But such a light of piety shone on the minds of those who heard Peter that they were not nearly satisfied with a single hearing or with an unwritten account of the divine proclamation.  And so with all kinds of entreaties they begged Mark (whose Gospel is now in circulation), a follower of Peter, that he might leave behind a written record of the teaching that had been given to them orally.  And they did not rest until they prevailed upon him.  To this extent they were the impetus for the writing called the Gospel According to Mark.  And they say that when the Apostle came to know what had happened, after the Spirit revealed it to him, he delighted in their eagerness and authorized the writing to be read in the churches.  Clement passes along this story in the sixth book of the Outlines, and the one who is called Papias, the bishop of Hierapolis, corroborates his account, pointing out in addition that Peter makes mention of Mark in his first epistle, which also they maintain was composed in Rome itself… (Bart Ehrman, LOEB, pg. 97)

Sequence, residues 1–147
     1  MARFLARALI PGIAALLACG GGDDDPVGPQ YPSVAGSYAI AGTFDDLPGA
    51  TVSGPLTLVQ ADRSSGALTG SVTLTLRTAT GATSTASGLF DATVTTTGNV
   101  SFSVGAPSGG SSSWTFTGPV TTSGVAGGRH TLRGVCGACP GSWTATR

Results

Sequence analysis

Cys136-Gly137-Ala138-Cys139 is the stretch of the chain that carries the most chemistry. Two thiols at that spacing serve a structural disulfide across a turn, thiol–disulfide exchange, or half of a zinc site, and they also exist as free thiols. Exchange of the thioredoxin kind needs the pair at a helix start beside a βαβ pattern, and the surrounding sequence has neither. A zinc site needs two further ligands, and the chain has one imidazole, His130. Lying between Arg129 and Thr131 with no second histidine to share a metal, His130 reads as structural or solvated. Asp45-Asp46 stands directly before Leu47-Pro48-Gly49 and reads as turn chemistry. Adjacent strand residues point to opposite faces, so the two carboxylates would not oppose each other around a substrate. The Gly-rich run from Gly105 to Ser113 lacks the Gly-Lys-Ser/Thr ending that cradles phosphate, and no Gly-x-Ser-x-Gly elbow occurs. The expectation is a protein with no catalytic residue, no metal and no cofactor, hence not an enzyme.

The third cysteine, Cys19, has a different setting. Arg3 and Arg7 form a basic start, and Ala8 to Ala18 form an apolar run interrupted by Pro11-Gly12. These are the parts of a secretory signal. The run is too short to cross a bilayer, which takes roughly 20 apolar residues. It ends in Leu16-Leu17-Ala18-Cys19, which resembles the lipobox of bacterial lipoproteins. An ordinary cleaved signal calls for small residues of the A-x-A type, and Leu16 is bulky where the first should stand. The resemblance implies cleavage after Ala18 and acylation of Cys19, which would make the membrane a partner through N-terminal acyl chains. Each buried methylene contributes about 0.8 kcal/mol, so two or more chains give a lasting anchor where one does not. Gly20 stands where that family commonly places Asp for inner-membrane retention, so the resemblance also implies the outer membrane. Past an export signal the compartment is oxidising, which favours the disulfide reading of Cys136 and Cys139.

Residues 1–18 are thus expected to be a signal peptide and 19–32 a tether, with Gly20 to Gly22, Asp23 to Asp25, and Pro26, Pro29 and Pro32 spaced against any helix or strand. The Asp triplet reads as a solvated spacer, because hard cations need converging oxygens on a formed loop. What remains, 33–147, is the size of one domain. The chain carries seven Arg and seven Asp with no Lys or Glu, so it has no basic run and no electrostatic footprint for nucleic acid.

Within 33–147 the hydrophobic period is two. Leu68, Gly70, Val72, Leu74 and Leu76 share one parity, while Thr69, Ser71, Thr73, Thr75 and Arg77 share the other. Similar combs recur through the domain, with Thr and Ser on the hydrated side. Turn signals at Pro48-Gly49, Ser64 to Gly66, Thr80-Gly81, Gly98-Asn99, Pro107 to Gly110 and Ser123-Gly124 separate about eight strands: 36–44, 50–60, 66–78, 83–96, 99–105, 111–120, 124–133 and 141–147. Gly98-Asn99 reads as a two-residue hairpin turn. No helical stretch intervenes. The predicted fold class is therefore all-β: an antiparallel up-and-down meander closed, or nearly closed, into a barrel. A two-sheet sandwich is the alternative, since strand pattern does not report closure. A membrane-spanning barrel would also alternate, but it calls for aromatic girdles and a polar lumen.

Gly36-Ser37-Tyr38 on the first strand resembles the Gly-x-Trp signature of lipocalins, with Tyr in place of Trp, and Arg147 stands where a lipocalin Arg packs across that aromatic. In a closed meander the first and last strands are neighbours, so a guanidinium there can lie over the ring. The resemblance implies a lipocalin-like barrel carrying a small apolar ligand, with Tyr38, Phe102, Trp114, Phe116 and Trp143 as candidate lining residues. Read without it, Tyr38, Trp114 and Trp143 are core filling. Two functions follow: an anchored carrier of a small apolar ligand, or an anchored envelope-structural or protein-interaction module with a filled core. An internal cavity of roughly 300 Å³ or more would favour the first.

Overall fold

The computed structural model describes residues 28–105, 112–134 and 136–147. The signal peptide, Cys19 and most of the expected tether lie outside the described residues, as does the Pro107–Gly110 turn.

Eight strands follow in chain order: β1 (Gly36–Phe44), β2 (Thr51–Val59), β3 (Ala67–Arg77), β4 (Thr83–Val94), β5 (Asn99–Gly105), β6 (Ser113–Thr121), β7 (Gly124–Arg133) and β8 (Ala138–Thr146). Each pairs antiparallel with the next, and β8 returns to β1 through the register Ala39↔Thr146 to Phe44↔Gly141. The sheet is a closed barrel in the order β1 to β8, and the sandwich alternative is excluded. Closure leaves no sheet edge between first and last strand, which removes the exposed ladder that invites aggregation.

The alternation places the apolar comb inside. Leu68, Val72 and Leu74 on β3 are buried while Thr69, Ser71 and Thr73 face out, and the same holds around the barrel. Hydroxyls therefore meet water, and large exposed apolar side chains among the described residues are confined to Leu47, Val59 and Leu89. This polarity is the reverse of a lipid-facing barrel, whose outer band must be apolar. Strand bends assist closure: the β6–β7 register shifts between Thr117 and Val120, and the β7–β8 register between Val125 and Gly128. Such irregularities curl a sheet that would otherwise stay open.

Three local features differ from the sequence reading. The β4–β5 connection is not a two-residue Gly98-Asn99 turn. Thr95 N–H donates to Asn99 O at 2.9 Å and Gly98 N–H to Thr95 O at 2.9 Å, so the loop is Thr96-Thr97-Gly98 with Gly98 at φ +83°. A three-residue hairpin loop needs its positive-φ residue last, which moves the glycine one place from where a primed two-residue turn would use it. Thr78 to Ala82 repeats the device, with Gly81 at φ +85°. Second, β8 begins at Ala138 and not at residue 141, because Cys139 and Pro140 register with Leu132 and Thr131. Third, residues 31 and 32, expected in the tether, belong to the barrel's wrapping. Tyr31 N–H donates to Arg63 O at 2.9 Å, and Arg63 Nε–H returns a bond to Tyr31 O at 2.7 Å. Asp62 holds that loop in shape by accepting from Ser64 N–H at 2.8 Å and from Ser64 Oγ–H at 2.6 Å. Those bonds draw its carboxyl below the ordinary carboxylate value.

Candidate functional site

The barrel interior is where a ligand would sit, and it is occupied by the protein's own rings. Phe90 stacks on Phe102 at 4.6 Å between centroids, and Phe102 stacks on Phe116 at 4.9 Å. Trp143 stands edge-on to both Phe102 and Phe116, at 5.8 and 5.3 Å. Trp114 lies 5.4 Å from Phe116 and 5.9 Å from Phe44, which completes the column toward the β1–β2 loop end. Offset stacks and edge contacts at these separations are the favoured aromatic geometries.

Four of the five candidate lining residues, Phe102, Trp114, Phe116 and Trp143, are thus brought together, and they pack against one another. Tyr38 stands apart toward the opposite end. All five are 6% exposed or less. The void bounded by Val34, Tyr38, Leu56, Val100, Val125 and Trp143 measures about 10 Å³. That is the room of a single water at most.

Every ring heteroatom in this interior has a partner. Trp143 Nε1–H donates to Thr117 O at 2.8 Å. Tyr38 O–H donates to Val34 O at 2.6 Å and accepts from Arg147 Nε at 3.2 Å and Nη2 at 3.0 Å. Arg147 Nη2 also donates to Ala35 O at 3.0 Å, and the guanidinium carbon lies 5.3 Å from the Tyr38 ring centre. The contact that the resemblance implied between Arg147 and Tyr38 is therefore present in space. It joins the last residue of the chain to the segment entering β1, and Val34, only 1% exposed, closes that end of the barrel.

Marcus, Petri sectator, praedicante Petro evangelium palam Romae coram quibusdam Caesareanis equitibus et multa Christi testimonia proferente, petitus ab eis, ut possent quae dicebantur memoriae commendare, scripsit ex his quae a Petro dicta sunt evangelium quod secundum Marcum vocitatur (Adumbrationes in epistolas canonicas in 1 Peter 5:13)

Mark, the follower of Peter, while Peter was publically preaching the Gospel at Rome in the presence of some of Caesar’s knights and uttering many testimonies of Christ, on their asking him to let them have a written record of the things which had been said, wrote the Gospel which is called the Gospel of Mark, form the things said by Peter… (Bernard Orchard in The Order of the Synoptics, pg 131)